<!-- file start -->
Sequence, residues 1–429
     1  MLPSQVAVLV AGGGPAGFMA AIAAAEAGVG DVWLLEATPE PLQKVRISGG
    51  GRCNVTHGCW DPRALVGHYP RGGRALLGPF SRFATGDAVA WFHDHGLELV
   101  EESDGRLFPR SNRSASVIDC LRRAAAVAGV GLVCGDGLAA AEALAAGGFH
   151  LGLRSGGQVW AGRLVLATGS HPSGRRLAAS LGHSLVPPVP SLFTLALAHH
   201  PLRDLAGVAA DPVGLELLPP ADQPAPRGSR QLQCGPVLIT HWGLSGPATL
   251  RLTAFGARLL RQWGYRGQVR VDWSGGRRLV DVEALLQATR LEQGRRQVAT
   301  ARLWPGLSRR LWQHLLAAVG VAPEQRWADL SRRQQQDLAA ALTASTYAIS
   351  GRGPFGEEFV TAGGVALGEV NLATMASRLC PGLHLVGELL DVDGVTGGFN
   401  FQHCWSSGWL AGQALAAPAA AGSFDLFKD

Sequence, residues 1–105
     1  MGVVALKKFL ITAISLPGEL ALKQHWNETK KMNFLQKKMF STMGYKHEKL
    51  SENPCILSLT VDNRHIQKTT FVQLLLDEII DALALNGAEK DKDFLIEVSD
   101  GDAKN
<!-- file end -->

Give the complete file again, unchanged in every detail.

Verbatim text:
Sequence, residues 1–429
     1  MLPSQVAVLV AGGGPAGFMA AIAAAEAGVG DVWLLEATPE PLQKVRISGG
    51  GRCNVTHGCW DPRALVGHYP RGGRALLGPF SRFATGDAVA WFHDHGLELV
   101  EESDGRLFPR SNRSASVIDC LRRAAAVAGV GLVCGDGLAA AEALAAGGFH
   151  LGLRSGGQVW AGRLVLATGS HPSGRRLAAS LGHSLVPPVP SLFTLALAHH
   201  PLRDLAGVAA DPVGLELLPP ADQPAPRGSR QLQCGPVLIT HWGLSGPATL
   251  RLTAFGARLL RQWGYRGQVR VDWSGGRRLV DVEALLQATR LEQGRRQVAT
   301  ARLWPGLSRR LWQHLLAAVG VAPEQRWADL SRRQQQDLAA ALTASTYAIS
   351  GRGPFGEEFV TAGGVALGEV NLATMASRLC PGLHLVGELL DVDGVTGGFN
   401  FQHCWSSGWL AGQALAAPAA AGSFDLFKD

Sequence, residues 1–105
     1  MGVVALKKFL ITAISLPGEL ALKQHWNETK KMNFLQKKMF STMGYKHEKL
    51  SENPCILSLT VDNRHIQKTT FVQLLLDEII DALALNGAEK DKDFLIEVSD
   101  GDAKN